Rob Miracle
rob@coronalabs.com

Rob Miracle creates mobile apps for his own enjoyment and the amusement of others. He serves the Corona Community in the forums, on the blog, and at local events.

14 Comments
  • Kohan Ikin
    Posted at 16:04h, 27 August

    This is awesome news, but will HID controller support also come to the Simulator as well soon? (ie So we can plug a gamepad into our Mac and use it to test our game in the Simulator, without having to build for the device every time we make a change?)

  • Chris
    Posted at 07:33h, 28 August

    Sounds fantastic.
    What about Analog Sticks?
    Do we have a way to return the x/y (so we can calculate the angle that it’s facing)?

    • Dave Cheng
      Posted at 10:00h, 28 August

      Also curious about analog stick support. That would be awesome for the game I’m working on.

      • Rob Miracle
        Posted at 16:43h, 28 August

        Chris & Dave as we mentioned above, we will be covering axis support (analog stick, x, y, etc.) in a future post. This was was rather long as it was and I’ve just had my OUYA for a few days, so I’ve got to get a few more ducks in a row before I can write that up. The features are there in the Daily Build API docs

        http://docs.coronalabs.com/daily/api/

        These features should be rolling into the public build pretty soon as such the regular docs will be updated with the info. If you want to take a peek before we blog about it, you can look for “axis” under the Event’s section.

  • Andrew
    Posted at 05:53h, 30 August

    This is FANTASTIC NEWS! Been looking forward to when Corona can build out to OUYA. Rob – this does mean that we’ll be looking forward to an update to your ultimate config and device detection code to include the configs/etc for OUYA. Do you happen to know when the next public release will be?

    • Rob Miracle
      Posted at 19:11h, 30 August

      Actually the existing Ultimate config.lua should handle the OUYA and GameStick just fine as is.

  • Andrew
    Posted at 19:22h, 05 September

    Downloaded the Stable build today, and tried connecting my PS3 controller to my Mac to test this out, seemed like I had my controller connected to the Mac successfully, but couldn’t figure out how to get it working with Corona. Has anyone else done this successfully? If so how did you get it to work?

    • Rob Miracle
      Posted at 20:31h, 05 September

      Key/Axis support is unavaialble on the Mac simulator as well as iOS. You have to test it on an Android device that supports the controllers or from the Windows simulator.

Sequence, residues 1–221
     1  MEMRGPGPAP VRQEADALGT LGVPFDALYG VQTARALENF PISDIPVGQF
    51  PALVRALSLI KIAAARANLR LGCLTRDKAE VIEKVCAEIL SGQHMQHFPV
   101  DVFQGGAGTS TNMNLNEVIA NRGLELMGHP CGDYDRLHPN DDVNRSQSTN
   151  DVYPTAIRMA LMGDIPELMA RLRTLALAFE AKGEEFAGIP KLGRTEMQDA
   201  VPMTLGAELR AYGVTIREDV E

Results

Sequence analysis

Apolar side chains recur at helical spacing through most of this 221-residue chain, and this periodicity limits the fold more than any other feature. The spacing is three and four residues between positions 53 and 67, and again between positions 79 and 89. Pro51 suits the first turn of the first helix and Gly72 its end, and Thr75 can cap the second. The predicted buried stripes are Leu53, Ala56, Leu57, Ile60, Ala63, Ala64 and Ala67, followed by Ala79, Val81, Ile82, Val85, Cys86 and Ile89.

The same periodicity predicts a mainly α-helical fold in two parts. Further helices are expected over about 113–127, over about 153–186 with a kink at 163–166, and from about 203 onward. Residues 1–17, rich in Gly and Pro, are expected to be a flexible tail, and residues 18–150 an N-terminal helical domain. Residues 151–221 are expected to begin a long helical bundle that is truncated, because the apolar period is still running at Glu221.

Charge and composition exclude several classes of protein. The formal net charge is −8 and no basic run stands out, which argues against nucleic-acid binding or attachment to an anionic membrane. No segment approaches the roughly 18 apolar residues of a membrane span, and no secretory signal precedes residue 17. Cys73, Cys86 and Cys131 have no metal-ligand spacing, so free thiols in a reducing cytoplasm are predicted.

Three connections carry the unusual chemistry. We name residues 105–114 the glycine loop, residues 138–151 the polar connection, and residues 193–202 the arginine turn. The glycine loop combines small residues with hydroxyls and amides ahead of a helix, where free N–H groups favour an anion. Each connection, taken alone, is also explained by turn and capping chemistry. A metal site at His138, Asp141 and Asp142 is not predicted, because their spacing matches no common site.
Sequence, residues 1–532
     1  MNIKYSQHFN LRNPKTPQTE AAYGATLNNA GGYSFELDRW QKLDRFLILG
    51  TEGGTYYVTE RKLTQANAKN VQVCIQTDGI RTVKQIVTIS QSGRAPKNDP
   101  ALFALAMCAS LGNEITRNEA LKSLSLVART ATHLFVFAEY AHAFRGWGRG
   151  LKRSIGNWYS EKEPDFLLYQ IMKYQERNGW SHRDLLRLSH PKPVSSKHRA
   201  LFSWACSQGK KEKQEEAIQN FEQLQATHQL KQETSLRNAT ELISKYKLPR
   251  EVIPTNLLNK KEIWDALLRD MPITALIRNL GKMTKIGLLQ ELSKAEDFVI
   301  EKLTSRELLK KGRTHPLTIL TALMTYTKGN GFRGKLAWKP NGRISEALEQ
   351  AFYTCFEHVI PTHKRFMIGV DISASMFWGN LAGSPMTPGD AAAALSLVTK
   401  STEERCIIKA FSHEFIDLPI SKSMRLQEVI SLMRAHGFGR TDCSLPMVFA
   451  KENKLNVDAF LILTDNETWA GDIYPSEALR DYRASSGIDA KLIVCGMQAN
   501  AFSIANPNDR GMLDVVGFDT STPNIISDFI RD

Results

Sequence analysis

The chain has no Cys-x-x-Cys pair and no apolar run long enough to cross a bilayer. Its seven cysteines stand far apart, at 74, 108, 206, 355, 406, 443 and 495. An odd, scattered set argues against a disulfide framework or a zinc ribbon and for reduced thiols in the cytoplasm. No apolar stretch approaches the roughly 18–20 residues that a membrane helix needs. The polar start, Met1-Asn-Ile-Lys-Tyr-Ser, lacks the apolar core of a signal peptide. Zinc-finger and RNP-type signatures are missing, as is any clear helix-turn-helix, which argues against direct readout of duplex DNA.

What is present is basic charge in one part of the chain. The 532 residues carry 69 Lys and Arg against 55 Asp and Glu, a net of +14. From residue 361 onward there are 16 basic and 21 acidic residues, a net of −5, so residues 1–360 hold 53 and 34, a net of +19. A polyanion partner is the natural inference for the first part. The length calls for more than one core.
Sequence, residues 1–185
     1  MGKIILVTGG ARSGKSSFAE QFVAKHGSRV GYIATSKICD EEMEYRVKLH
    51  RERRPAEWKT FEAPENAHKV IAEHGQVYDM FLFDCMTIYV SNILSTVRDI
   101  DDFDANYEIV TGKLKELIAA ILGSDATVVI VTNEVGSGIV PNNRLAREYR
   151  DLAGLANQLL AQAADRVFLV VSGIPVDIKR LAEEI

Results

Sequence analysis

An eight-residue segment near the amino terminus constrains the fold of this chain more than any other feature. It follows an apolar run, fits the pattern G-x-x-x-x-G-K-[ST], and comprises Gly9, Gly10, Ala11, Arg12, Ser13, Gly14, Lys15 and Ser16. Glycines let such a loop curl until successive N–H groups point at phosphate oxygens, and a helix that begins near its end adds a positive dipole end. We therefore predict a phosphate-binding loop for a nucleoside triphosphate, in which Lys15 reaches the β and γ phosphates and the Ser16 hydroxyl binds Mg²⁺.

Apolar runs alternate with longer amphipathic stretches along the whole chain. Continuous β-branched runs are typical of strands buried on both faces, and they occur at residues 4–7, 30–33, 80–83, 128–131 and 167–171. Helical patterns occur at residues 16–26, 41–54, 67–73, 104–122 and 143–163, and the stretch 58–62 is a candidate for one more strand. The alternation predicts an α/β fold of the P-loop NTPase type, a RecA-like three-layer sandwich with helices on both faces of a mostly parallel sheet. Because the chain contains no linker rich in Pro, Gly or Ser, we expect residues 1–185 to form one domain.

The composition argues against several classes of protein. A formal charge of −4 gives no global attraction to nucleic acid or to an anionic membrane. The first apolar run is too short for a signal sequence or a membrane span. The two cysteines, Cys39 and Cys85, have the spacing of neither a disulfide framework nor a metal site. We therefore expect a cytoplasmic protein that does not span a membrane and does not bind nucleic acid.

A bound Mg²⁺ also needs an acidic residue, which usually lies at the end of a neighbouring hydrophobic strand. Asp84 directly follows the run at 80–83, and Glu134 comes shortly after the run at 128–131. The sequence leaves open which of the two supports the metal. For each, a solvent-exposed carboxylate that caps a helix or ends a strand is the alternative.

http://docs.coronalabs.com/api/event/key/index.html

      • Andrew
        Posted at 05:41h, 06 September

        Thanks Rob! Somewhat dampens the excitement of being able to test with a controller in the Simulator in Mac/Windows. Do you know if this is in the plan to support this in a future release? If not can you direct me to the feature request page, and I’ll submit the request.

        • Rob Miracle
          Posted at 14:18h, 06 September

          The Windows simulator does support it. This is not something supported in iOS and I’m unsure of why Mac support isn’t there. I’m pretty ignorant of the Mac OS-X SDK and what is or is not possible with it or how difficult it is to add in.

  • Anton
    Posted at 03:51h, 25 September

    When will add support for keyboard control for mac simulator? Now it is very inconvenient to develop an application for android, ouya.

    Back in iOS 7 appeared maintain joysticks, whether you plan to add support?

  • Philip Dijkstra
    Posted at 05:03h, 20 November

    How can i get this to work with the iCade (Core) ?

    • Rob Miracle
      Posted at 17:08h, 20 November

      Anton, we do support limited keyboard functionality on the OS-X simulator now. In fact there was a blog post last Tuesday about a way to use a Mac App to convert HID controller input to keystrokes that were compatible with code you might write for an OUYA.

      Philip, I looked up the iCade and it appears to just need Keyboard control. I don’t know if we have keyboard support for iOS yet or not.

      Rob

  • Nick
    Posted at 20:59h, 18 February

    Does anyone else experience really bad frame rate drops when using OnKeyEvent heavily? I’m building an OUYA game and everytime a button is pressed, even if it doesn’t do anything, framerate drops to 10 or so. 🙁